Ephesians 4:7-8 continue the theme of verses that this COG America organization would appear not to understand:  “But to each one of us grace was given according to the measure of Christ’s gift.  Therefore He says:  “When He ascended on high, He led captivity captive, and gave gifts to men.”” [Quotation taken from Psalm 68:18].  What does this mean?  Part of Christ’s gift to humanity, in grace, was the deliverance of mankind from the slavery of fear.  Christ’s gift of freedom was a freedom from being a captive of those who wish to dominate and rule over others, from those who use power to make themselves feel secure and special, somehow higher than the laity and separate from them, for whatever insecurities they suffer from on an equal playing field.  As has already been discussed elsewhere [3], the system of government set up by this organization appears to be one with a great distance between the ministry and the laity, meaning that at least metaphorically its leadership wishes to take members captive to supporting them and bolstering their own egos by providing the desired answers to various doctrinal questions but not have any meaningful role of ministry that they themselves are being trained to accomplish.  How can such people who deny God’s gifts to the laity think themselves competent to speak of the gifts Jesus Christ gives to man when they deny how He commanded His church to be run (Matthew 20:25-28).

How To Do Better Ourselves

Let us not be content merely with condemning what other people do, as offensive as it may be.  How can we ourselves better promote and practice the unity of faith and demonstrate the workings of the gifts of Jesus Christ within us, as this passage commands?  Let us examine some of these ways briefly.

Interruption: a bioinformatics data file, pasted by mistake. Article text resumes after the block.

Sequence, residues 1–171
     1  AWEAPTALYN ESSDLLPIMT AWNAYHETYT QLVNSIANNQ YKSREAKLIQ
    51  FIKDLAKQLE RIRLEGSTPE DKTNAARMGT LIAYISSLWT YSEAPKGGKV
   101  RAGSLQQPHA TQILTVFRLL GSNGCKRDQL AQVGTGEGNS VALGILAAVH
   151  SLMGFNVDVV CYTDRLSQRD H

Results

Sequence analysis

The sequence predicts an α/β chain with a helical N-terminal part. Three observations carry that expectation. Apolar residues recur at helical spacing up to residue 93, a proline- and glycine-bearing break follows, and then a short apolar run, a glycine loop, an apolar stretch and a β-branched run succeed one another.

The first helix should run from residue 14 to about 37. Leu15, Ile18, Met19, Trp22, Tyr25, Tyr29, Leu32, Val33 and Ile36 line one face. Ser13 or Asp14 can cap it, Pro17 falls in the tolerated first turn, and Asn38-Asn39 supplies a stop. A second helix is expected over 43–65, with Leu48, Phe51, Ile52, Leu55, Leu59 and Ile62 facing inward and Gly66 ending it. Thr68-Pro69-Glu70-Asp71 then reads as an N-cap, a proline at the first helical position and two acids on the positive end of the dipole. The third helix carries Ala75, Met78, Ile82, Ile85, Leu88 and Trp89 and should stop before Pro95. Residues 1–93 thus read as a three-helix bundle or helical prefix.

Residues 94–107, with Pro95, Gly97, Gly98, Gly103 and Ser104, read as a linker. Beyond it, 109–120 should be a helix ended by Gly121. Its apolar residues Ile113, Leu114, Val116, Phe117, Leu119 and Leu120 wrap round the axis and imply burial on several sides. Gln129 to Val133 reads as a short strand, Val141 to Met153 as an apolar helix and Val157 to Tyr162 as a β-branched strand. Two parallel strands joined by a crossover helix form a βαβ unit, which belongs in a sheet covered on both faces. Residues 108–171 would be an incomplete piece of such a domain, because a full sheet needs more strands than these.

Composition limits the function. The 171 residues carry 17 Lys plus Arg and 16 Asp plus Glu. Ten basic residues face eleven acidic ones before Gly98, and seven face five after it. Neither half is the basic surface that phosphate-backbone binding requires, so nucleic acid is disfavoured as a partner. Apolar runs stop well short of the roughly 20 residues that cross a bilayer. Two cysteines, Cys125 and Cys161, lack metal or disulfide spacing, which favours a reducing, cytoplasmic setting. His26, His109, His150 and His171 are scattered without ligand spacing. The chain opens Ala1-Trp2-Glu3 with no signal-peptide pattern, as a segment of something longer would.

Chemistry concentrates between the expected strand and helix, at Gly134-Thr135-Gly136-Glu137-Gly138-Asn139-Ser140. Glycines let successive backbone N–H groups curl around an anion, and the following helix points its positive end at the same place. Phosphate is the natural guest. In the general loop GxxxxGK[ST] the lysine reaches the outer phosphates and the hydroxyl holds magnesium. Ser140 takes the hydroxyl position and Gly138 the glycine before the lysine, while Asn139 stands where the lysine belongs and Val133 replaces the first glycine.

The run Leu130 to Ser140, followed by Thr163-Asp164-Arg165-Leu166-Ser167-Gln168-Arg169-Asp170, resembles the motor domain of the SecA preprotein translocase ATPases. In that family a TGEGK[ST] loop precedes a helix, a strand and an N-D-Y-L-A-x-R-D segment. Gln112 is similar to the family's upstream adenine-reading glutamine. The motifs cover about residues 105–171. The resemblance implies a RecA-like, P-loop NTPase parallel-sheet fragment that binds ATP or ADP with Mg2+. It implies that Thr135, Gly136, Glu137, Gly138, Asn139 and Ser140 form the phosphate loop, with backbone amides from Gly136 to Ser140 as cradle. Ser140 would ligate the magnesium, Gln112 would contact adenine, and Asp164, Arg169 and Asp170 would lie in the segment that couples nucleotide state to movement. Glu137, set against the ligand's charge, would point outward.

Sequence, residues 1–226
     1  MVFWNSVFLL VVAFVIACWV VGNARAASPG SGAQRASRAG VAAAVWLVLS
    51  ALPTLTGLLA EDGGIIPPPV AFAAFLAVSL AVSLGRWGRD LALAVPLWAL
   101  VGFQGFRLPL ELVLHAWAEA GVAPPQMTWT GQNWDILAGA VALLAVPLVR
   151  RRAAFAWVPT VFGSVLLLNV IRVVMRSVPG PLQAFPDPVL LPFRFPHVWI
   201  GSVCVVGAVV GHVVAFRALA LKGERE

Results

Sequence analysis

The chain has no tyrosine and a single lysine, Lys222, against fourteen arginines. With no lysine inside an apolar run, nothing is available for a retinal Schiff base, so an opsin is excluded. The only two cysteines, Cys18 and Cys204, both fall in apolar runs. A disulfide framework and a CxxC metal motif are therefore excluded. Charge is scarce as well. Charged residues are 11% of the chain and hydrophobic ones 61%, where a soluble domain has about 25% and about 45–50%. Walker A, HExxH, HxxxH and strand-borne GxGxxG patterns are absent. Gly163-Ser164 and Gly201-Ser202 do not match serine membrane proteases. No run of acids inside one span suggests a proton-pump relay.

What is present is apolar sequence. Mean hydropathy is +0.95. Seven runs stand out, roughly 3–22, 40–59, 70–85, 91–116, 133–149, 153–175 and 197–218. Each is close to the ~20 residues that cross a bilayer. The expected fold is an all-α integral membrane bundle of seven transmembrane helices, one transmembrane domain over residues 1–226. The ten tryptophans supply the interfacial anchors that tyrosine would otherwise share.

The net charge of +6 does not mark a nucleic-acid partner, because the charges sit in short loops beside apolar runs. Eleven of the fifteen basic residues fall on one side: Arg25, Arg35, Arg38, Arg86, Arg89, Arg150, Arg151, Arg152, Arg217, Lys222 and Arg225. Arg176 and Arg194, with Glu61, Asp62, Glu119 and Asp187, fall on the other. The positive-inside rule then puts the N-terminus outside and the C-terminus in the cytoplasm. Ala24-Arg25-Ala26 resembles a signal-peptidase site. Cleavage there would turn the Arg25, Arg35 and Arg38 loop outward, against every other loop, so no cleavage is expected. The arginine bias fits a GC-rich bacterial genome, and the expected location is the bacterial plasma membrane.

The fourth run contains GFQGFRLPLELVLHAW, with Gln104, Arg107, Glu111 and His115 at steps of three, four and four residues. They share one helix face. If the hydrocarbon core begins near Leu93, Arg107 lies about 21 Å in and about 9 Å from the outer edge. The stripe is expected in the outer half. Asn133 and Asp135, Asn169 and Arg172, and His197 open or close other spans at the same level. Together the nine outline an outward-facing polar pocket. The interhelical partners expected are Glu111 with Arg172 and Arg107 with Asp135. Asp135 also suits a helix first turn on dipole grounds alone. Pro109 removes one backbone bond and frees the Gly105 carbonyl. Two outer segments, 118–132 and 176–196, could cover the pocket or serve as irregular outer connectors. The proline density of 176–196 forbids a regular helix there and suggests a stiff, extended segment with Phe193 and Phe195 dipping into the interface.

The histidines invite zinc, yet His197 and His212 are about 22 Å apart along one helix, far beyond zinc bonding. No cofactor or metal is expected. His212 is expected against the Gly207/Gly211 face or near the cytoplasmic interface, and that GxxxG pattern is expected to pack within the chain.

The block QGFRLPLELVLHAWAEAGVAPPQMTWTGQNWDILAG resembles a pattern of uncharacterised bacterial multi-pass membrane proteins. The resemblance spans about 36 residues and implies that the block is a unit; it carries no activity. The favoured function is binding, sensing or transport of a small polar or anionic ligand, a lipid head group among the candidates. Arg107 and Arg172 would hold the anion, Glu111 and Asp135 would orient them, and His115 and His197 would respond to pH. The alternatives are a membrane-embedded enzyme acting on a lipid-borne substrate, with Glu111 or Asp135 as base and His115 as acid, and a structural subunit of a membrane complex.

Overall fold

First, we must make sure that we are not acting from motives of pride and selfish ambition.  We cannot fully know the motives of others (except in the way those motives are shown in actions, and that is only in part).  We must consider the well-being of our brethren, in whatever organization they may be (or none at all) as above our own need for power and prestige.  We must be willing to support and encourage all believers, rather than continually seek to build our own power base through the development of cliques and factions, as has commonly been the case in our collective history.

In addition, we must not deny the unity of our faith.  In whatever lamentable state of division we find ourselves in, we cannot forget that we are one body joined together by the spirit, and God will eventually bring back all of His children into one sheepfold where we will all recognize His voice and the voice of our shepherd and elder brother Jesus Christ.  Whatever division we now see is merely temporary, a prelude to an eternity of unity.  But in order to enjoy that unity we have to prepare for it by seeing ourselves as united in spirit now, if not in organizational affiliation.  We have to view our relationship as brethren more important than the physical and emotional benefits we gain from position and prestige in physical organizations–something the ministers of COG America seem unable to recognize from their actions.

Finally, we must recognize that the gifts of serving others are given to everyone who has God’s spirit, each according to the design and will of God, for His purposes.  God did not design us to be divided into classes of ministry above as lords and aristocrats, and the members below as peasants and serfs, but rather God designed us all to be kings and priests in His kingdom, to serve each other in love.  We cannot do so when we are more concerned with our power than with our responsibility and obligation to serve.  One cannot serve faithfully and in love while angling for power and inciting political struggle.  One can only serve when one loves one’s brethren more than one loves being called a pastor or evangelist.  Let that be said about us.  Perhaps then we may find ourselves able to be less fractured and divided.